Speaking on the anniversary of the June deportations in 1941, Justice Minister Urmas Reinsalu said it is everyone's duty to remember the victims of the communist regime.
“Today we remember all who fell victim to the deportations and political repressions. Estonia, along with other states, must continue to make sure communism is acknowledged as an unlawful ideology and that it is a crime against humanity,” he said, adding that there is no place for symbols which represent crimes against humanity, in public meetings in Estonia.
He said Estonia should build a monument to the victims of communism around the world, for Estonia's centennial celebrations in 2018.
The Soviet Union occupied and forcibly annexed Estonia, along with Latvia and Lithuania, in the summer of 1940, but it had started preparations for the launch of terror in Estonian civil society already before the occupation. As elsewhere, the purpose of communist terror was to suppress any possible resistance from the very beginning and to instill great fear among people in order to rule out any kind of organized general resistance movement in the future as well.
In Estonia, the planned extermination of the prominent and active persons, as well as the displacement of large groups of people were intended to destroy the Estonian society and economy. The lists of people to be repressed were prepared well in advance.
The Soviet security organs started their repressive activities in Estonia already before its formal annexation into the Soviet Union during the course of occupation. Preparations for carrying out mass deportations were part of the total violence directed against the territories occupied by the Soviet Union in 1939–1940 and began in the winter of 1940–1941. On May 14, 1941, the Central Committee of the All-Union Communist Party (Bolsheviks) and the Council of the People’s Commissioners of the Soviet Union issued a top secret directive, “Directive on the Deportation of the Socially Alien Element from the Baltic Republics, Western Ukraine, Western Belorussia and Moldavia”.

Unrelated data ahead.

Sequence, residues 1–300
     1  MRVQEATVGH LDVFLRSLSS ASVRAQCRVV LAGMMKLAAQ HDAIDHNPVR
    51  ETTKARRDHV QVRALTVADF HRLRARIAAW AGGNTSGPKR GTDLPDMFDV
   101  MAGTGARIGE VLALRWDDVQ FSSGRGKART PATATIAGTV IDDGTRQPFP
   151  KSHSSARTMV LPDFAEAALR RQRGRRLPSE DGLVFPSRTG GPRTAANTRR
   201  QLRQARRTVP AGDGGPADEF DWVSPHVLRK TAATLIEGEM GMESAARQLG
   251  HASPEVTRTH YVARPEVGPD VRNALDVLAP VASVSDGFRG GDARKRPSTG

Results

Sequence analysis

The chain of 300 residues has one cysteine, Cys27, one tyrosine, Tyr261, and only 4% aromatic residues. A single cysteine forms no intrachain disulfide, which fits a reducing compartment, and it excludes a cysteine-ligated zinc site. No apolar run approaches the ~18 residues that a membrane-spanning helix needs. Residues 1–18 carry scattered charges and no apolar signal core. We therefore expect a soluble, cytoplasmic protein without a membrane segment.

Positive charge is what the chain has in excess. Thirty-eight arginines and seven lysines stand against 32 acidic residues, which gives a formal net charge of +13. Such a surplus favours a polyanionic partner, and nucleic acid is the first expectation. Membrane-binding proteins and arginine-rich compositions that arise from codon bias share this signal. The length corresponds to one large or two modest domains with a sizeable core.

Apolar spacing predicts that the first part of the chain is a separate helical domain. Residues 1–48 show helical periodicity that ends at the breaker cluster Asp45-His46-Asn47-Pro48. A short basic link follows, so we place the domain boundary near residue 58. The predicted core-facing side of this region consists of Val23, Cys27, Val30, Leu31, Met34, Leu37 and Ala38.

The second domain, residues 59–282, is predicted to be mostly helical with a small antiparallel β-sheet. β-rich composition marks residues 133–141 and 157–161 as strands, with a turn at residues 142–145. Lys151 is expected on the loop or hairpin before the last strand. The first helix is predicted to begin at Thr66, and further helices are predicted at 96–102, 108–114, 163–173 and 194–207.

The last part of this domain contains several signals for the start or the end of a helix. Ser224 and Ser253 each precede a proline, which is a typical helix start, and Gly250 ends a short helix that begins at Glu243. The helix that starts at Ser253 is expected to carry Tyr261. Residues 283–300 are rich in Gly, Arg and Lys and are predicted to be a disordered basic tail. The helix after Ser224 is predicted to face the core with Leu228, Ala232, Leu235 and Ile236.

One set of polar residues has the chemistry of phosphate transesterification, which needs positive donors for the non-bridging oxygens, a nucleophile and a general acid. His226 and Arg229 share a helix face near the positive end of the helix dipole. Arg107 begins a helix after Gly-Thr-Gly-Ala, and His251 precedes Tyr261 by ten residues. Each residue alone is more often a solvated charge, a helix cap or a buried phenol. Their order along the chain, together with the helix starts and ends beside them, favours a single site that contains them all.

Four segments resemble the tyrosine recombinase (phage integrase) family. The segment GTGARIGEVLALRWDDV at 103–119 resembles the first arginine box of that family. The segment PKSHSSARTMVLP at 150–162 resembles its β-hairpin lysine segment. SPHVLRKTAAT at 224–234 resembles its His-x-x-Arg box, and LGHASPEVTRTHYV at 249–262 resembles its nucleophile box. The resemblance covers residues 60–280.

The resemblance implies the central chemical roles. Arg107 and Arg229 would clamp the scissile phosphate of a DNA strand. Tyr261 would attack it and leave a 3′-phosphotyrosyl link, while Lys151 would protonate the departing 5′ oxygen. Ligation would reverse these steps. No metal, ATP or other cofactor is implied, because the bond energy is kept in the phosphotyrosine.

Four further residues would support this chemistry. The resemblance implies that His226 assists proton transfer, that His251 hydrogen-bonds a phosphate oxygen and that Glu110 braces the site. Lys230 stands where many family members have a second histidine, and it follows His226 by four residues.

The first deportation raid was begun on the night of June 13 and early morning of June 14, 1941. The search for persons subjected to arrest or deportation continued until the morning of June 16. Those carrying out the deportations behaved with extraordinary cruelty: even pregnant women and seriously ill elderly people were packed into overcrowded stock-cars.
According to the order, issued on June 13 from Moscow, over 10,000 people were deported from Estonia during 14-17 June 1941. Over 7,000 women, children and elderly people were among the deported. The extent of the genocide is indicated by the fact that more than 25 percent of all the people deported in June 1941 were minors – under 16 years of age. As the first trains loaded with deportees arrived at their destinations, the next wave of deportation was being prepared in Estonia by Soviet authorities. But the implementation was hampered by Germany’s assault on the Soviet Union. Due to the rapid advancement of the front, a second deportation was carried out only on the island of Saaremaa.
At the end of 1941, investigative commissions started to operate in the Soviet prison camps, carrying out on-site interrogations and passing court decisions, under which hundreds of the detainees were shot to death. By the spring of 1942, of the more than 3,000 men dispatched to prison camps, only a couple of hundred were still alive.
The fate of women and children sent to the remote regions of Kirov and Novosibirsk oblasts was also onerous. Altogether 4,331 people or less than a half of the 1941 deportees ever returned to their homeland.
Editor: J. M. Laats, S. Tambur